WereSync 1.0b

Backup is a pain for so many reasons, but the main one is that you have to think about it at all. This is a problem that Apple has almost solved with its own Time Machine/Time Capsule software and hardware combination. This autonomously backs up files as a background operation, seldom bothering the user unless disaster strikes or they need an older version of something restored. Linux can do this, too, of course, especially with the latest generation of versioning filesystems, but it always requires thought and preparation – even if it's rsync running on a cron job. WereSync is a new backup solution that attempts to do something similar, although rather more ambitiously; it's designed to clone an entire drive, while you're using it, onto another drive. The second drive then becomes an identical copy that can be booted just like the first, if needed.

The unique selling point for WereSync is that you don't need to be an expert to use it, unlike rsync or the cloning Russian roulette of dd. This is thanks to its GUI, which at its minimum will take just a couple of arguments and happily go off and duplicate your data. The new drive will need to be big enough to store your data, but new UUIDs will be generated regardless, which means you can have both drives on the same system. It's basically a subset of options provided by rsync, with rsync running in the background. This is a good choice because rsync is probably the most popular backup tool we have, happily copying data and change deltas across drives and networks. It's well-tested, especially at scale, and works. Building atop of this backup stalwart is a good strategy.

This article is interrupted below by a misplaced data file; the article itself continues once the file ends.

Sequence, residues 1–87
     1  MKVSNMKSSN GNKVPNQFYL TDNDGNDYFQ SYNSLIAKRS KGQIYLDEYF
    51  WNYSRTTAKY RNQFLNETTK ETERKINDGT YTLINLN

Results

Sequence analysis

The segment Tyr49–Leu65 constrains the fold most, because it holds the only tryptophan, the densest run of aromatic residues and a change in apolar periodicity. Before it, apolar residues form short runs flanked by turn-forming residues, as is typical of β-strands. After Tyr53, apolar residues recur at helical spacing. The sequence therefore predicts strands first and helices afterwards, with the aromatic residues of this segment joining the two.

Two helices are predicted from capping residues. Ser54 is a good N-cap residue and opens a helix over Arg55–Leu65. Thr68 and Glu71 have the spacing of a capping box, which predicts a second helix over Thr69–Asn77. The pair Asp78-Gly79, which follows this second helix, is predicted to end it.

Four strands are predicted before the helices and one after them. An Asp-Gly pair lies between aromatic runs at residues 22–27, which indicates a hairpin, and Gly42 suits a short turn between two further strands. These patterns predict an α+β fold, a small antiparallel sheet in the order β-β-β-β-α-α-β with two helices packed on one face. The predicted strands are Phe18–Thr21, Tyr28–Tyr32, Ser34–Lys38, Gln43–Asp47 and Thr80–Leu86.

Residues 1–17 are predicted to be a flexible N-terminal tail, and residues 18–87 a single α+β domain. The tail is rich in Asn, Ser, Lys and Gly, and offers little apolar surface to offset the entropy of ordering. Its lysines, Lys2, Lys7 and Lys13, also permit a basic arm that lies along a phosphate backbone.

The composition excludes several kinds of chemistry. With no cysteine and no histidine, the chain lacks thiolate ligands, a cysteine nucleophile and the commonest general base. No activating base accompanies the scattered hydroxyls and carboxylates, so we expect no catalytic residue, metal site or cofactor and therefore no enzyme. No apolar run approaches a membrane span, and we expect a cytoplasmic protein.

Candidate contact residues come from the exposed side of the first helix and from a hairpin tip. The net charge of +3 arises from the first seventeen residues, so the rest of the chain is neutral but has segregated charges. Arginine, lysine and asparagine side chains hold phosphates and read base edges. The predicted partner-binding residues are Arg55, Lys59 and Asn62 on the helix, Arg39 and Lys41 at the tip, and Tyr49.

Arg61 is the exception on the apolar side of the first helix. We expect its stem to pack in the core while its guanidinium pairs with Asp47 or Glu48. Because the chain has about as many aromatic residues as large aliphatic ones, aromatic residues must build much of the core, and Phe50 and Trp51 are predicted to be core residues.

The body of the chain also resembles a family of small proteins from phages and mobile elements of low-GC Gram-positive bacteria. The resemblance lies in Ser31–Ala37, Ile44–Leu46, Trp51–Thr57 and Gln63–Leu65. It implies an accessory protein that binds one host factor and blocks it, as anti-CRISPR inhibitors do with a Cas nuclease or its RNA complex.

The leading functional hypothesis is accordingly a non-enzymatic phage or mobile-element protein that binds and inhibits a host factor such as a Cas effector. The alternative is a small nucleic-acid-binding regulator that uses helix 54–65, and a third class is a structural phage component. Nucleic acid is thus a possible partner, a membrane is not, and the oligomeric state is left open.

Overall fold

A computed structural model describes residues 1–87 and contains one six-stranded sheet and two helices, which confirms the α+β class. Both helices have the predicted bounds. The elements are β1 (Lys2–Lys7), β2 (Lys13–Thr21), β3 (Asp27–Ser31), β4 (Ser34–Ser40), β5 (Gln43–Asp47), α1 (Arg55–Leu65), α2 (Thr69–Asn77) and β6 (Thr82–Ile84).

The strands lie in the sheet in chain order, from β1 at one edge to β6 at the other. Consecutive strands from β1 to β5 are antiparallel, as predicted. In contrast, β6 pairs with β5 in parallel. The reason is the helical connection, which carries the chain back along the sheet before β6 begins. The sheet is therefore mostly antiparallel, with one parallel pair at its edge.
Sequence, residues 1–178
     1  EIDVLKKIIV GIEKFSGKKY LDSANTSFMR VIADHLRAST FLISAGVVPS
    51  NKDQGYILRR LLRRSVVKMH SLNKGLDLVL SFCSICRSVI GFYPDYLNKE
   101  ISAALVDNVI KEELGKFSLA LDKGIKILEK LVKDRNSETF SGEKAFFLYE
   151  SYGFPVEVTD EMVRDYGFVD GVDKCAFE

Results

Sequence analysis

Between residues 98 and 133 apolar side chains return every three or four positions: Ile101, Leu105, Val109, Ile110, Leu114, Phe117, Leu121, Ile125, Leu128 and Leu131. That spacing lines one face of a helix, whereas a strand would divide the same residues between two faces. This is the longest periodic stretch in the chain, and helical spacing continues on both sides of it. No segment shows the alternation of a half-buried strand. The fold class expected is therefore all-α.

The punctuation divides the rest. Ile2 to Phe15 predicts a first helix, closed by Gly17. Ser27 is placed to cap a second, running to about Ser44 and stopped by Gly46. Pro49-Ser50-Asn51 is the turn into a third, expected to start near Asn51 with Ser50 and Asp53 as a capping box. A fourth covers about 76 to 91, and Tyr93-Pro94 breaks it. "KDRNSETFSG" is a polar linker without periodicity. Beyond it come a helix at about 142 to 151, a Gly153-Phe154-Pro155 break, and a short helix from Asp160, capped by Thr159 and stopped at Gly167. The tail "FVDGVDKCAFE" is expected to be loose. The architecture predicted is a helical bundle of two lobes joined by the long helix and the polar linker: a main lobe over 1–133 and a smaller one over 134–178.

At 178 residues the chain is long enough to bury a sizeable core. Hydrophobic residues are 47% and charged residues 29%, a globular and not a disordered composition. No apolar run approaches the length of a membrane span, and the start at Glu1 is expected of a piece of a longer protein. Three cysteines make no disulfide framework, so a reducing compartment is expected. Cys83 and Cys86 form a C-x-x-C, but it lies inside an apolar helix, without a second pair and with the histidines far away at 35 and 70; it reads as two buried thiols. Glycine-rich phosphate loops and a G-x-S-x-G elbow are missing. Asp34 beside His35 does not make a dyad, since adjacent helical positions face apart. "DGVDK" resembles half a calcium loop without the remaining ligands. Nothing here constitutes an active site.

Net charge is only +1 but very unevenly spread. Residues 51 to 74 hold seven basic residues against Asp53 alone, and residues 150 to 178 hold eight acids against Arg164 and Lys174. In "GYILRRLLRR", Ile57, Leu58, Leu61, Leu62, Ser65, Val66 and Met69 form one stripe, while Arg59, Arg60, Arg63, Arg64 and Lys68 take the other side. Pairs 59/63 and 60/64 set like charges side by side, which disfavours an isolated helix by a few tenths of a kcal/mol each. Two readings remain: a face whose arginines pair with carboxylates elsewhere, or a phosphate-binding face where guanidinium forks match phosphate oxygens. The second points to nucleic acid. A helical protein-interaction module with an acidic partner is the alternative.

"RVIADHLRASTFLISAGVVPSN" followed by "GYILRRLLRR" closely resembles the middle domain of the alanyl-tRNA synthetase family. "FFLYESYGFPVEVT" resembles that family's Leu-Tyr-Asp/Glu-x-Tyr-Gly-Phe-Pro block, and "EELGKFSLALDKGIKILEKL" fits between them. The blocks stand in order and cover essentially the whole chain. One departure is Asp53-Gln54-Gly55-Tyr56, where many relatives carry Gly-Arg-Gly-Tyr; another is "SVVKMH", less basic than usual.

Project Website

If you've ever wanted to use rsync but didn't know which options to choose, WereSync is your friend.

Structure-from-motion generator


Despite a widespread consumer launch, virtual reality (VR) is still in the developmental phase. This is mainly because of the cost and intrusiveness of this first generation of hardware. There's little doubt, however, that at some point in the not too distant future, VR headsets that track movement and map that movement into a 3D interactive world will transform the way we view the world.

One element of this future will be the recreation of real locations. VR will let us virtually visit and walk around famous landmarks, your childhood home, and historical places. And, the technology that drives these recreations is called photogrammetry. One of the best photogrammetry solutions for Linux is the combination of VisualSFM and MeshLab. But VisualSFM isn't quite open source and is often difficult to install. Now there's another viable option, COLMAP, which performs many of VisualSFM's functions and is potentially capable of better results. COLMAP is both a command-line and GUI-driven application that takes images as input and generates 3D structures as output. Unfortunately, because this is the cutting edge, the process isn't that simple. It starts with taking the images themselves, importing them into COLMAP, and calculating the camera and lens variables before mapping the various photographs into 3D space. Only then can a sparse set of points be generated from the multiple viewpoints of the same structure, which in turn leads to a dense cloud of points, which leads to polygons and finally, a 3D model with optionally generated textures. COLMAP does most of this through a series of tables and requesters, with a 3D viewport to help make sure everything is working as it should.

Project Website

In many ways, photogrammetry often feels like an ongoing research paper, but its 3D techniques are getting easier to use.

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